Temperatures currently in the lower 40s should drop into the mid 20s overnight under mainly clear skies and light winds in and around the Beltway. Farther to the north and west, temperatures are presently in the mid to upper 30s, and should fall into the upper teens overnight.
Forecasts For the Next Few Days:
By 8 or 9 AM tomorrow, clouds should begin streaming in from the west, as energy associated with a tiny pocket of mid and upper level energy slides east from the Midwest. High temperatures tomorrow will hover in the lower to mid 30s in and around DC, which will support a few snow showers, which may develop during the late morning and into the late afternoon hours. Some minor snow accumulation is possible on grassy and elevated surfaces, but most roadways should remain snow-free due to above-freezing road temperatures.
Probability of Snow: 40%
Image at right: NAM forecast precipitation for Thursday afternoon showing the possibility of some light snow showers around the metro region. Image courtesy of the Penn State E-Wall
Cold, Canadian air is expected to pour into the region overnight Thursday as a cold front sweeps through the Mid Atlantic. Temperatures early Friday morning will range from 15 around Hagerstown and surrounding areas, to near 20 near Washington, D.C.
Clouds should scour out by mid morning, leaving us with mainly sunny to skies. High temperatures will be in the upper 20s and lower 30s.
Clouds will increase late Friday night and into Saturday morning as a very weak upper level disturbance rotates through the region. At this point, there does not appear to be enough lift to get any precipitation over the mountains. Temperatures will hover around 40.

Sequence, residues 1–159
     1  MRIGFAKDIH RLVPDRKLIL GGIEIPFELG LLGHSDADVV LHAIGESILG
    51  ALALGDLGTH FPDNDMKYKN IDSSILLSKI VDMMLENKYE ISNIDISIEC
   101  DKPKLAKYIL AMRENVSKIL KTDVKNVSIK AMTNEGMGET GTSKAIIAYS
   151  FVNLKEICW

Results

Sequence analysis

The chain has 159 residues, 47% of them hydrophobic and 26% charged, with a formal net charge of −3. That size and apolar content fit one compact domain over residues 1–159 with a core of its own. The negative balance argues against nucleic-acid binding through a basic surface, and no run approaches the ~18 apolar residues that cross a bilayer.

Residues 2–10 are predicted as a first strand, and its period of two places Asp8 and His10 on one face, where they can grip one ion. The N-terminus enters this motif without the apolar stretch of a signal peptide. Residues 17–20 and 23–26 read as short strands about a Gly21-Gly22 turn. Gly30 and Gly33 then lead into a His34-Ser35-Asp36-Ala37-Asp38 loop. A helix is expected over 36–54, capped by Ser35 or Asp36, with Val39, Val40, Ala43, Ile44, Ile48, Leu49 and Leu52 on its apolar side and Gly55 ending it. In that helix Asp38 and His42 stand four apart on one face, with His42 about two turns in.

Paying Attention to What the Forecaster Actually Says:
With the recent forecasts of snow in the metro region, it has gotten to me when people ask me, "hey, the weather channel said there was supposed to be snow last night. How come there was none/How come it didn't stick?"
It seems incredible to me that, with all the precision and time forecasters put into their work, the vast majority of the public really doesn't pay attention to some of the crucial details. Here's a portion of the text forecast for Montgomery county for Thursday from the National Weather Service:
.THURSDAY...MOSTLY CLOUDY WITH SCATTERED SNOW SHOWERS. HIGHS IN THE UPPER 30S. NORTHWEST WINDS 10 TO 15 MPH. GUSTS TO 30 MPH IN THE AFTERNOON. CHANCE OF SNOW 40 PERCENT.Seems simple enough, right? Now, take a quick look at the image to the right. It's The Weather Channel's forecast for Thursday. If it DIDN'T snow at all tomorrow, I would bet that most people would say, "the meteorologists got it wrong again. Where was the snow??"
Very few public viewers actually take the time to read the forecast text. Notice that little percentage at the bottom? In the NWS text forecast, this percentage is 40%, and in The Weather Channel's it's 30%. These are known as Probabilities of Precipitation.
Most people think of POP as the percentage of getting precipitation on that day. That, unfortunately, is only one part of the formula. POP is based on two things:
1) The probability that any precipitation will fall in the time period and
2) The predicted areal coverage if precipitation actually develops
So take this hypothetical situation (it would more than likely never happen, but what the heck):
Washington, D.C. records a POP of 20% for 100 consecutive days. If this POP were accurate over the long term, then Washington should have experienced some type of precipitation for 20 of those 100 days (not a great number, right?) The likelihood of precipitation being recorded when the POP is 20% is extremely low.
So, the next time you read or hear a forecast, it would be wise to also look or listen for the Probability of Precipitation. Weather isn't exactly and exact science.